Driven - BMW Z4 35is Roadster
There was a great advertising campaign for this car, which was banned in Australia because it would encourage hooning. Especially inside buildings. With paint on giant canvasses on the floor... Shame we missed out.
The current iteration of the Z4 was launched in 2009 and has seen slight updates along the way, predominantly giving more power and torque from the engine.
Stylistically the model was a big advance. While it looks generally similar to the outgoing Z4, there was a new found aggressive, muscular and almost menacing look to the new model. To many, it's the most attractive styling of any current BMW - including to my eyes. In some ways echoing the long bonnet look with the cockpit set well back of the McLaren Mercedes SLR on a smaller scale, it really emphasises the where the powerplant is. Long in the tooth it may be, but the Z4 remains an attractive car.
Fortunately, the car lives up to its looks. Especially in the 35iS version tested. This is the 3-litre, twin-turbo 6-cylinder unit which has impressed so well in other models. It's a decently torquey unit, giving 450Nm from a low 1600rpm. And I think that's a part of the Z4s driving appeal. There's always plenty of performance available. Zero to 100km/h in 4.8 seconds is pretty good going for a car in its range. It wasn't that long ago that people were staggered by a 0-100 time of 5 seconds for a Porsche 930 Turbo. The exhaust note is worthy of acclaim too. It's got a deep burble, and a great crack at gearchanges.
Roadholding, handling and braking all live up to the levels you'd expect and hope for in a performance car. There was no evidence of scuttle shake and the car always felt well planted on the road.
The folding hardtop on this model was a first for BMW, and they did the job well. It is quick to open or close and provides the cosiness, safety and sound proofing that a soft-top just can't. Though there was a slightly annoying level of wind noise from around the tiny rear quarter windows...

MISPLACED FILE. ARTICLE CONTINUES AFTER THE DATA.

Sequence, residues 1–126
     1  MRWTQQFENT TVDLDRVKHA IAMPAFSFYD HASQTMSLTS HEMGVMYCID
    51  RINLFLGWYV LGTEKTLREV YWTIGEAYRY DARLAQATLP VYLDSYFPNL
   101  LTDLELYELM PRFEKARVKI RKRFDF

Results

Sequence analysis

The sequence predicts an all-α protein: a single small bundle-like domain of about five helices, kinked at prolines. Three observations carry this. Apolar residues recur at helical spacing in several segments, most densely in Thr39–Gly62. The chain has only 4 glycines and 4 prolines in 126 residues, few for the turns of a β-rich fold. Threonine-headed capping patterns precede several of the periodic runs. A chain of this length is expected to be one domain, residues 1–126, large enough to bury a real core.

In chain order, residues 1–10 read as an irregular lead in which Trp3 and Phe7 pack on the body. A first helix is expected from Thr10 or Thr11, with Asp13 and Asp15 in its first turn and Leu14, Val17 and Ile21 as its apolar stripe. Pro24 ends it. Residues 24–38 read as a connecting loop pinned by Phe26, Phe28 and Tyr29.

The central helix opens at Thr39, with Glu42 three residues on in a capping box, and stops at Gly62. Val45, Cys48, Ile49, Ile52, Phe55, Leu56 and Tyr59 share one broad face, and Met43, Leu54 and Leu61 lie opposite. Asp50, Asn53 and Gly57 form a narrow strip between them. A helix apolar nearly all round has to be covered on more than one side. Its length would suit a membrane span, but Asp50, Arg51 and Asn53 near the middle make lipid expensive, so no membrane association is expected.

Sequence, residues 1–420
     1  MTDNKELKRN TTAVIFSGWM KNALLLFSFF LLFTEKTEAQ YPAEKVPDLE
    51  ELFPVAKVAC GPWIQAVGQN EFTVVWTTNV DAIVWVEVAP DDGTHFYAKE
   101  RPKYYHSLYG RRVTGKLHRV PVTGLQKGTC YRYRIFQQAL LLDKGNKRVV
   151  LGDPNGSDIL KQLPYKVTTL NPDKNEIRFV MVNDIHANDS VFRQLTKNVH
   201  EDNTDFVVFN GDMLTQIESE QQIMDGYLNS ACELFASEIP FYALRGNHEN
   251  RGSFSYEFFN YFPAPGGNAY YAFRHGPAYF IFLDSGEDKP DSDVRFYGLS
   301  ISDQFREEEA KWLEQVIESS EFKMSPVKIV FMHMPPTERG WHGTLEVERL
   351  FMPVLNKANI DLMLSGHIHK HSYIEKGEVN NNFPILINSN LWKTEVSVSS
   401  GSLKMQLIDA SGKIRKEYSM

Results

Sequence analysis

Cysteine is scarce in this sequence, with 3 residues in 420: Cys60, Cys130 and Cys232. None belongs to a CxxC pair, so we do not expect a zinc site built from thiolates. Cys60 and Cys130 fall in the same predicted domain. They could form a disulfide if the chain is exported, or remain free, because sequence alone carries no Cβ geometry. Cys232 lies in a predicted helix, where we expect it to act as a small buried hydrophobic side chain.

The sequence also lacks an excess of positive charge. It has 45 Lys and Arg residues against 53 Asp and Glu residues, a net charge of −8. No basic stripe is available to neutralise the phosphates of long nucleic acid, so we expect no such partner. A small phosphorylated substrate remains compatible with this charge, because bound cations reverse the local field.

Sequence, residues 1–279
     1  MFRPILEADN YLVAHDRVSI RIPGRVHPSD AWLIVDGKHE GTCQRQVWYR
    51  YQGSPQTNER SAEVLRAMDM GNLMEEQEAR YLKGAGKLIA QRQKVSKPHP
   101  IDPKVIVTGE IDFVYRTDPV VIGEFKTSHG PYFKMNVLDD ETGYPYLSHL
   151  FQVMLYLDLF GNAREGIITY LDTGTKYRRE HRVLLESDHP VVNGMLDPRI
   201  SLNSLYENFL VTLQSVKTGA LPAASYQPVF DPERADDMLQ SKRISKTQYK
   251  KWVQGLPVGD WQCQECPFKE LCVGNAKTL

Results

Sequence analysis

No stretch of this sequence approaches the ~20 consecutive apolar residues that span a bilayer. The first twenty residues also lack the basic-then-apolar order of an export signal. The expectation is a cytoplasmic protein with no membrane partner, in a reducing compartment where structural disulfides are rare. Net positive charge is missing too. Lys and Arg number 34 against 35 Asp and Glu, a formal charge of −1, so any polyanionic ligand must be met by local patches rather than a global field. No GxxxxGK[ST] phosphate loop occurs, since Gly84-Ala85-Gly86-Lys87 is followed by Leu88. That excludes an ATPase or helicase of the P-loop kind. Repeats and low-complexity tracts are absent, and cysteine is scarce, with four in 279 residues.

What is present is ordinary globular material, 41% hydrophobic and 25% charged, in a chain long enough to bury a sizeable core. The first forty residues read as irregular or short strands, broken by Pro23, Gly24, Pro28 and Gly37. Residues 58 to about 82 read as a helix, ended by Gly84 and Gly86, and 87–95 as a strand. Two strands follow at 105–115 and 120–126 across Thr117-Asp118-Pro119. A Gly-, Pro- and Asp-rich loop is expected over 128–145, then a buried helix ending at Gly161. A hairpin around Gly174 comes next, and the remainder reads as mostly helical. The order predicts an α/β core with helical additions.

The top spec model tested was loaded with all the goodies BMW could throw at it. Heated leather seats, adaptive headlights, heated windscreen washers, high beam assistance (which I didn't like), 18-inch alloy wheels, park assist, navigation system, and on and on. This car also featured the 7-speed double clutch automated manual gearbox. And it's among the better of these systems I've tested. Gearshifts are as quick as you could hope for, the car blips the throttle appropriately in down-changes and when you're really pushing on, it performs beautifully. Equally, when left in automatic mode, it leaves nothing to be desired.
The seats hug you very nicely, the driving position is adequately adjustable and the only complaint about the stylish interior is the lack of decent small item storage spaces - and that includes too-shallow cup holders. And of course, boot space is very restricted if you want to be able to lower the roof - but that goes with the territory. Another minor annoyance was the cold metallized plastic parts of the steering wheel spokes which the sides of your thumbs contact if you want to use the paddle shift. But these criticisms of this car are small compared to the truly excellent overall package that BMW has come up with in the Z4. This is a seriously good sports car which deserves to sell better than it does. For some reason, sales of all Z4 models in Australia are a mere trickle.
Engine type: 3-litre, 6-cylinder twin-turbo
Transmission: 6-speed automatic or 7-speed dual clutch automated manual
0-100km/h: 4.8 seconds
Price: $131,000 on road, as tested, at time of review
Text & main photo - Paul Blank (copyright)